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Location: UFOUpDatesList.Com > 1998 > Jul > Jul 22

Re: Why Migraines Don't Explain UFOs

From: RobIrving@aol.com
Date: Tue, 21 Jul 1998 22:21:12 EDT
Fwd Date: Wed, 22 Jul 1998 09:34:53 -0400
Subject: Re: Why Migraines Don't Explain UFOs

>  Subject: UFO UpDate: Re: Why Migraines Don't Explain UFOs
>  From: Mark Cashman <mcashman@ix.netcom.com>
>  Date: Tue, 21 Jul 1998 10:08:44 -0400
>  To: UFO UpDates - Toronto <updates@globalserve.net>


>  > In the meantime I suggest that Mark Cashman and others read
>  > Sacks' book before taking this argument further.

>  I already made the point that this hypothesis cannot be
>  considered because it does not provide a discriminator, and that
>  it also shows no reason to be considered an explanation of UFOs
>  since the migrane case cited, presumably the best (i.e. closest
>  to the UFO experience) has no UFO content, and since the author
>  of the hypothesis presents no support for the existence of a
>  continuum between regular migranes and "close encounter
>  migranes".

Firstly, I have no opinion on whether migraines account for
UFO-type experiences (I've never had migraines), but it seems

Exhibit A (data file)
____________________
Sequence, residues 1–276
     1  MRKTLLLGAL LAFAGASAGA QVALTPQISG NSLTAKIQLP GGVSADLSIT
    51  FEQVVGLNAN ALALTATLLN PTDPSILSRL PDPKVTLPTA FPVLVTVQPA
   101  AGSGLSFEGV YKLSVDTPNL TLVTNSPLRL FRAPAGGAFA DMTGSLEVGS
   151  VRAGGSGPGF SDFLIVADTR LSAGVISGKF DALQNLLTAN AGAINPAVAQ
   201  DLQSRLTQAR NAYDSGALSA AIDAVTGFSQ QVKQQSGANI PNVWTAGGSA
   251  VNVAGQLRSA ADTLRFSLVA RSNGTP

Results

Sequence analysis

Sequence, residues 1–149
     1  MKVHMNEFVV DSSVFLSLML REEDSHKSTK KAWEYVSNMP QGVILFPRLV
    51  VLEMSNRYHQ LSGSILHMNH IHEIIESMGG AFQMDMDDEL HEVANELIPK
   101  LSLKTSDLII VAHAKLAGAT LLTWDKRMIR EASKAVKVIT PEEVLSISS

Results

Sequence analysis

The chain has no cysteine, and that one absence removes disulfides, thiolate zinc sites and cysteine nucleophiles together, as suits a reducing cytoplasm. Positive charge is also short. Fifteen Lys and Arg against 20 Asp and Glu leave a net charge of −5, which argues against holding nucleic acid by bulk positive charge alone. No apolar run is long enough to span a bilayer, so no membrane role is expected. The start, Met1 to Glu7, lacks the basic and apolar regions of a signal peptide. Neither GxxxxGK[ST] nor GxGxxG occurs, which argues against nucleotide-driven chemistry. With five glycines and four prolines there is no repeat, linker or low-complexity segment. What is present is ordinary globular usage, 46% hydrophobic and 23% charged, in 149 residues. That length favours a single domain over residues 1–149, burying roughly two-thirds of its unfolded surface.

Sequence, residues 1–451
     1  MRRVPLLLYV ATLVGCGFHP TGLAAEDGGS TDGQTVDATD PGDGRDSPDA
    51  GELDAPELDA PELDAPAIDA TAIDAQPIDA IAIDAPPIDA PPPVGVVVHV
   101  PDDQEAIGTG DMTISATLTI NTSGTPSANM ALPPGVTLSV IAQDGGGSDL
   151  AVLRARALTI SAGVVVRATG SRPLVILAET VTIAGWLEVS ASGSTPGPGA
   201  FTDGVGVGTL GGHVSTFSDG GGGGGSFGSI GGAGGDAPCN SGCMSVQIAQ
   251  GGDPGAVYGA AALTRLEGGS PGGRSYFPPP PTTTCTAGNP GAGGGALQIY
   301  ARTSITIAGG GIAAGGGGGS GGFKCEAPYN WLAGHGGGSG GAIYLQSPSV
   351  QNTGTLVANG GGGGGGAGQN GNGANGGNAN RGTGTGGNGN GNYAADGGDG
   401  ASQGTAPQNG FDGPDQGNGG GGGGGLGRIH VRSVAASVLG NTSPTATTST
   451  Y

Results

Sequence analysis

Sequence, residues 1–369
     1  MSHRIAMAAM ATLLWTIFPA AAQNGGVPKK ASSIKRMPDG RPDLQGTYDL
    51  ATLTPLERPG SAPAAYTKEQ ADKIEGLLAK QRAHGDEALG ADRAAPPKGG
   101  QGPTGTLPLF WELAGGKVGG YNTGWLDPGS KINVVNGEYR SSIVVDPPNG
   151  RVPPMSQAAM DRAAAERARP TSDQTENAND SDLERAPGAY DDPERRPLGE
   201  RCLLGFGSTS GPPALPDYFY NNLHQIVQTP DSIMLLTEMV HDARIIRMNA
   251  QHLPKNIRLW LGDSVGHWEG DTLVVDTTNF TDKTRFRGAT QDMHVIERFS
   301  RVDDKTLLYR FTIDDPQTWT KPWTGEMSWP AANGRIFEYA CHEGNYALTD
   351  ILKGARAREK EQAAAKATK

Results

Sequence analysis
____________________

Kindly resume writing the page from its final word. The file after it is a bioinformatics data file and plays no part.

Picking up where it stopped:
curious that you appear to so anxious to dismiss the idea without
bothering to read up on it.

It may interest you to know that in his book 'The Man Who Mistook
His Wife For A Hat' Sacks cites earlier studies (Singer 1958)
with regard to the visions of St Hildegard.  I seem to recall
that representations of these visions taken from her C12th
manuscript Scivas have cropped up in UFO literature.

Singer writes: 'In all a prominent feature is a point or a group
of points of light, which shimmer and move, usually in a
wave-like manner, and are most often interpreted as stars or
flaming eyes. In quite a number of cases one light, larger than
the rest exhibits a series of concentric circular figures of
wavering form...'

St Hildegard writes: 'The visions which I saw beheld neither in
sleep, nor in dreams, nor in madness, nor with my carnal eyes,
nor with the ears of the flesh, nor in hidden places; but wakeful
and alert...'